ArtsAutosBooksBusinessEducationEntertainmentFamilyFashionFoodGamesGenderHealthHolidaysHomeHubPagesPersonal FinancePetsPoliticsReligionSportsTechnologyTravel
  • »
  • Books, Literature, and Writing»
  • Commercial & Creative Writing

How to Use Songs in Bilingual Storytime

Updated on February 21, 2012

Use songs during bilingual storytime to help children get more out of the program. It is best to choose simple songs with actions and words children might recognize. There are really three main options when it comes to choosing them. Use only one of them, or incorporate all three.

Photo Curtesy of Amazon

Sing songs with which children are familiar. Many songs such as "Head and Shoulders, Knees and Toes" can easily be translated into many different languages. Songs such as "Old MacDonald" or "Down on Grandpa's Farm" can be sung in English with the exception of the animal names and what the animals say. For example, during the bilingual story time hold up a pig puppet while children sing "Down on Grandpa's farm, he had a great big couchon. Le couchon, he makes a sound like this groin, groin."

Play CDs. Many well known children's artists have songs available in other languages. Look for music by Raffi, Charlotte Diamond, and the Laurie Berkner Band. Disney and other production companies translate their movies into other languages so as that children across the world can also enjoy them. Look for appropriate soundtracks that can easily be used during the program.


Translate piggy back songs into foreign languages. Children will recognize familiar tunes, beginning bilingual storytime leaders will feel less pressure and it will help non-bilingual children recognize new vocabulary.

Sing along to traditional songs that are written in the native language for speakers of that language. You should be able to purchase CDs to help children sing along.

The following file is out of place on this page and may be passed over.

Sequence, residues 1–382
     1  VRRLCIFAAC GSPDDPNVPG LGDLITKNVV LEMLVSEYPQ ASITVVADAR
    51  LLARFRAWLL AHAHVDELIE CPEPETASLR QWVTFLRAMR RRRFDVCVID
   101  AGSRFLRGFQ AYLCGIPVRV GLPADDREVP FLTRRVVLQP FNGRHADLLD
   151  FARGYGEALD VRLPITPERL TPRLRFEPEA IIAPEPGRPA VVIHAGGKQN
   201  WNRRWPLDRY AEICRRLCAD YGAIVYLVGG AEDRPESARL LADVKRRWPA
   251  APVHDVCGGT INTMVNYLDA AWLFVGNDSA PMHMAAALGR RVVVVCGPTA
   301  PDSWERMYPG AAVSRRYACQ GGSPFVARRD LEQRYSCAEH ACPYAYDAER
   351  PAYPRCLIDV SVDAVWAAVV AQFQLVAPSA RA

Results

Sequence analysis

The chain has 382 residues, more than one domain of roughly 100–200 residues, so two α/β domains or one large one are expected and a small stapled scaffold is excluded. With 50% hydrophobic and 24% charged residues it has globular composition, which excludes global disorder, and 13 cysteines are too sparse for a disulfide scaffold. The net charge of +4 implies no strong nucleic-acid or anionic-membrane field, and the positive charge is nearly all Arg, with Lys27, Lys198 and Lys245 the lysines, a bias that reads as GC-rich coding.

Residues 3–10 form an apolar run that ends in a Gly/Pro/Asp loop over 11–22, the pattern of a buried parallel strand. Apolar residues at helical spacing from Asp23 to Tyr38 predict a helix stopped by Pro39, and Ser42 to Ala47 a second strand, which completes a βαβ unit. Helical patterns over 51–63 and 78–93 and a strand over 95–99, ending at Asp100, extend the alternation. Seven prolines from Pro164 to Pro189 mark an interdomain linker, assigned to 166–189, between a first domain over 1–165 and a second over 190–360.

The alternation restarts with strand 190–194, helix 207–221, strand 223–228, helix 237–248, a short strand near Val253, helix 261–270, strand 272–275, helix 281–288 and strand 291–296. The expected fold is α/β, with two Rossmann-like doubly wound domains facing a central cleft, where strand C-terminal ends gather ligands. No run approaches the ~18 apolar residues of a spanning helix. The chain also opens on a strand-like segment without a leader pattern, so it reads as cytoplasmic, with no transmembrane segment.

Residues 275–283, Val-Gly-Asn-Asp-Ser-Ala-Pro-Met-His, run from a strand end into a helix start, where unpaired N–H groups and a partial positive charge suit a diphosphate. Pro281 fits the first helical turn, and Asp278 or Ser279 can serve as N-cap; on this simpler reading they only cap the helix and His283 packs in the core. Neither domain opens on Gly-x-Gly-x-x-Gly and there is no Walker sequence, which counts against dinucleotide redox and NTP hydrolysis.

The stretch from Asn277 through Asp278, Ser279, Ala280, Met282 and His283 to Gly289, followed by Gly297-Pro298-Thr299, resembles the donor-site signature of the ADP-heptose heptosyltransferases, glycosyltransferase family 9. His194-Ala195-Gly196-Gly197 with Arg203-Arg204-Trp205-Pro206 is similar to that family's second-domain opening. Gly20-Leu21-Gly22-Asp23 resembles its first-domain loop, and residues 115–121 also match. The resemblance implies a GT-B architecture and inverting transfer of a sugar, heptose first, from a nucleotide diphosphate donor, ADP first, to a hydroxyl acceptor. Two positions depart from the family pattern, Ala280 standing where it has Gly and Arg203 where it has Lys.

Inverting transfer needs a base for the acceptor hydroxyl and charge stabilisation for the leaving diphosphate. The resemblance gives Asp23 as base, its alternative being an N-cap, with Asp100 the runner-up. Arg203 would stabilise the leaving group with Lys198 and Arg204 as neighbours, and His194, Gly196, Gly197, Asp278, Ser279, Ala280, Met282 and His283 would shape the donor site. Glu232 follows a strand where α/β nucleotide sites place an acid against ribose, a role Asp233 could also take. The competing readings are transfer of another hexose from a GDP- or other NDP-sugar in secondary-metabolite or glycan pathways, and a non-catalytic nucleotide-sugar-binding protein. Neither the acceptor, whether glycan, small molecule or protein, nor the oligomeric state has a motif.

Before using traditional songs, look up the translations of songs. Why? The song Aloutte was written during a time when people depended upon small birds to make up a part of their diet. Centuries later, this is not the case. During Word War II, young French children were terrified of American soldiers after they liberated Paris because soldiers drove down the street singing the only French song they knew... Aloutte. The song is about someone taking a skylark and ripping off the bird's beak, heart, lungs, legs, wings, feathers and finally its brain. You would not want something similar scaring away the children coming to story time for their first time.


Use actions. It will help children retain more and get the wiggle worms out.

Why is it important for children to learn another language?

Even if you don't have a large population of non-English speakers, bilingual storytime can help English speaking children. Young children will learn vocabulary, learn to speak foreign languages without an accent, learn about other cultures, and more.

Do you have a favorite story, song or rhyme to share in bilingual storytime? Fun memories? Tips and advice to share?

Share Your Ideas

    0 of 8192 characters used
    Post Comment

    • Joyce Mann profile image

      Joyce T. Mann 6 years ago from Bucks County, Pennsylvania USA

      I began my Spanish studies as a teenager and find it amazing that I still remember the lyrics and melody of the first Spanish-language song I was ever taught. A super lens with great tips.

    • Pam Irie profile image

      Pam Irie 6 years ago from Land of Aloha

      Starting early with the bilingual stories, songs and nursery rhymes is beneficial to everyone. In fact, as an adult, I'd probably do some eavesdropping at story time at the library if bilingual storytime were offered. :) (Never too old to learn, right?)

    • Ann Hinds profile image

      Ann Hinds 6 years ago from So Cal

      You caught my attention with the Pigeon book. It is a family favorite and never gets old. We live in a lower income area and we are the minority. English is the 2nd language here so learning enough Spanish to get by is important. The stores that send out flyers assume that everyone is Spanish speaking so we know all the foods. Our child has difficulties with some of the children who refuse to speak English so he is also learning the language. While he was in public school, story time and assemblies were in both languages. It is hard for the children whose parents only speak their native language to keep up in school. I think it's important to teach them anyway we can so that they are not behind. These are good ideas.

    • LizMac60 profile image

      Liz Mackay 6 years ago from United Kingdom

      Great stuff. Blessed.